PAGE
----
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'Danger Street' #11 ramps up the stakes and absurdity
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Comic Books

‘Danger Street’ #11 ramps up the stakes and absurdity

The penultimate issue of ‘Danger Street’ leaves a lot of bodies on the floor. Literally!

Eleven months ago, Danger Street released featuring a story that didn’t take itself too seriously while also lifting up New Gods in an epic way. The series has played with structure, story, and expectations expertly well. That’s evident from the captions, which detail a story of knights, princesses, and ogres running amok. And now, this week, the penultimate issue is here, promising major ramifications as the story builds toward its finale. Can writer Tom King and artist Jorge Fornés make us believe some street rat kids can save the universe?

I think at this point, the answer is yes, but it’s still too early to tell. This issue is largely about the nation of Lady Copy, who lets a known supervillain into her home, and his actions are about as expected. The issue opens with Creeper, a pundit on a 24-hour news channel, knocking at her door. She knows he’s the Creeper as she decked him after an abysmal date. Why she lets him in is anyone’s guess, although one can imagine she’s confident and brave enough to take in a wacko like him.

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Meanwhile, the main villain of this entire epic is being held down in a private jet sitting on a tarmac. Some of the weirdest and most juvenile heroes are holding him as he professes himself a king. One can see the absurdity of this situation juxtaposing well against New Gods like Darkseid pulling friends out of fire. Like the Butterfly Effect, it seems the smallest of choices and the least powerful of people can affect great change.

Danger Street #11

These guys are wackos!
Credit: DC Comics

Orion’s awkwardness is probably the strongest example of the absurdity of it all. He’s stuck with a bunch of kids, two of whom are dedicated to a video game, while the world is about to end. King is great at showing a god, usually certain in his actions, questioning everything. In the absurdity of the situation he’s in, how can one stay calm? The Dingbats around him might be so small and insignificant that they can’t comprehend the stakes, or maybe their more pedestrian lifestyle gives them the opportunity to not care in the face of utter doom.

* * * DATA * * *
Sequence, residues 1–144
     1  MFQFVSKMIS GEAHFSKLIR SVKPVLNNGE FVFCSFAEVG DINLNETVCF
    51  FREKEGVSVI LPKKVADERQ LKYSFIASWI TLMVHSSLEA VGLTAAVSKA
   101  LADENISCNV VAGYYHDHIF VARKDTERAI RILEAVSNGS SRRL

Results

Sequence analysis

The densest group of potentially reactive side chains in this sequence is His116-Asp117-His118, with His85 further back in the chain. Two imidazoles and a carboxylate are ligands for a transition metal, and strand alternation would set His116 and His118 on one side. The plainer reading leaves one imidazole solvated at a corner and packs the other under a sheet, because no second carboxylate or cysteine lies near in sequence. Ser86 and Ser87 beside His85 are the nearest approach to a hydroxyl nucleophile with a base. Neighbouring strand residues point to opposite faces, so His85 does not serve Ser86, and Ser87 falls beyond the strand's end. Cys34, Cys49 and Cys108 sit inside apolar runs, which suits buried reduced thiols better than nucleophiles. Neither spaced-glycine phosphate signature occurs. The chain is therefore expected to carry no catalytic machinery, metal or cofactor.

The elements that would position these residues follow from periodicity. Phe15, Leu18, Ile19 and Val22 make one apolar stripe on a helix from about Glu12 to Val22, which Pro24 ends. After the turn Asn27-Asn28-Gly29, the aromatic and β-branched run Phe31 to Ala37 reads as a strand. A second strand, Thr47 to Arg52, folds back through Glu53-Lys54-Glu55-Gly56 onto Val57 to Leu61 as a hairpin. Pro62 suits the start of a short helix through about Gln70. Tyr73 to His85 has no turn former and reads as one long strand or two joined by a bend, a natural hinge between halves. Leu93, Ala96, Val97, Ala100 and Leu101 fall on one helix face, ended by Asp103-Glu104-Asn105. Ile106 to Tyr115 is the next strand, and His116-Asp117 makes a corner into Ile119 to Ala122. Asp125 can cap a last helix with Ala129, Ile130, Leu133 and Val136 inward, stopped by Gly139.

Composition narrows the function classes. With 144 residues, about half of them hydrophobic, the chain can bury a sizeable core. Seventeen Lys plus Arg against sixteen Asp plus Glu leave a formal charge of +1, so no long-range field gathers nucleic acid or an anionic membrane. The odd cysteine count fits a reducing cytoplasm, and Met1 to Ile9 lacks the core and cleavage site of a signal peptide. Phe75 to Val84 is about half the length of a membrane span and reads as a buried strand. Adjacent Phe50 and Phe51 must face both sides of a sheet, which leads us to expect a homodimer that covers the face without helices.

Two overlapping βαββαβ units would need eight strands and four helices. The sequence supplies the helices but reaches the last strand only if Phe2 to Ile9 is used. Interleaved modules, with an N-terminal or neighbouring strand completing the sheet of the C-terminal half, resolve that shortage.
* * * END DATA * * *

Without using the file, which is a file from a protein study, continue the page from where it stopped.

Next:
Change certainly happens in a big way in this issue. We’re talking about murders and the growing need to utilize Dr. Fate’s mask to bring people back to life. While tensions build towards a finality of the end of all things, there is also a senseless absurdity running throughout. The world could be ending soon, but also, let’s see how many times we can hack off our friend’s arm.

I will say the captions mixed with the events of this issue do feel a bit too obtuse for their own good. Maybe it requires a reread or three, but I found myself wondering what it all means. Lady Cop also seems to be making some crass decisions on the fly, which doesn’t seem like her. Why let Creeper into her house, for instance, or why now does she decide to break the law? There’s not quite enough there on the page to make me believe she’d make these choices.

Danger Street #11 is barreling towards its finale, mixing the absurdity of superhero with the finality of doomsday. It’s once exciting, and perplexing, making it one of the most unique comics you’ll read this decade.

'Danger Street' #11 ramps up the stakes and absurdity
‘Danger Street’ #11 ramps up the stakes and absurdity
Danger Street #11
Danger Street #11 is barreling towards its finale, mixing the absurdity of superhero with the finality of doomsday. It's once exciting, and perplexing, making it one of the most unique comics you'll read this decade.
Reader Rating1 Votes
8.5
Continues to mix the absurd with the finality of death well
Certainly does a lot to bring us closer to its conclusion
Some of Lady Cop's decisions seem off
The narration can feel too obtuse at times requiring a few reads, or maybe clarity with the finale
8
Good
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